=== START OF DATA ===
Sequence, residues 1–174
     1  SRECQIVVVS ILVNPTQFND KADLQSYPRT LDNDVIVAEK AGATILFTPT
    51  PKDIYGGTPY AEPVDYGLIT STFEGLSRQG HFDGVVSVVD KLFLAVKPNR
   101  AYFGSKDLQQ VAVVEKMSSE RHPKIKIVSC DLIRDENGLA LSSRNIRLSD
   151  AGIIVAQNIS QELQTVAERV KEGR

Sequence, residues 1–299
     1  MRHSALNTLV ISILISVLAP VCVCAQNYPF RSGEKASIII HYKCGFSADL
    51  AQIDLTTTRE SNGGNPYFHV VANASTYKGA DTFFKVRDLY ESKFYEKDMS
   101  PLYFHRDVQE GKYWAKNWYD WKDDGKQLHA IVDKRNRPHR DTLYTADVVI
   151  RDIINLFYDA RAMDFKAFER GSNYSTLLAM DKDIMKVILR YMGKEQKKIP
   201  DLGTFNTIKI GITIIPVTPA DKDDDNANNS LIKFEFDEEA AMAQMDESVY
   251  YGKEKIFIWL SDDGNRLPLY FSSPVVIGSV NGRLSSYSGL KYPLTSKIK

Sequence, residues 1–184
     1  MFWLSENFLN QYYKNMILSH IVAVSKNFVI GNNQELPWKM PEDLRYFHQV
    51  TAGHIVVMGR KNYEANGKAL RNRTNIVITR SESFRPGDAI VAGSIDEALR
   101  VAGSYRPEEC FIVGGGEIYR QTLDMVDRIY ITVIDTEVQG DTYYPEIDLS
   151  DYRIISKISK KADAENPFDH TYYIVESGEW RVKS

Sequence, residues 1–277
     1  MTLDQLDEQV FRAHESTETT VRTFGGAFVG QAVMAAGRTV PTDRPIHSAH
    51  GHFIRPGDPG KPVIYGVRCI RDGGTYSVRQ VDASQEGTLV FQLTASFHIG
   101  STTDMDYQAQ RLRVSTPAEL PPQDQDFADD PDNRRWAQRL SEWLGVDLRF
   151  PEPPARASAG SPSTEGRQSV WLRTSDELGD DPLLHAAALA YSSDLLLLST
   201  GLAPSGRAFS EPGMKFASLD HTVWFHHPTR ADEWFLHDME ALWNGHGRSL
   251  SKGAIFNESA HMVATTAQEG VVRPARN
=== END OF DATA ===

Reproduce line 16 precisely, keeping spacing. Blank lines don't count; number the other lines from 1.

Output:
   101  VAGSYRPEEC FIVGGGEIYR QTLDMVDRIY ITVIDTEVQG DTYYPEIDLS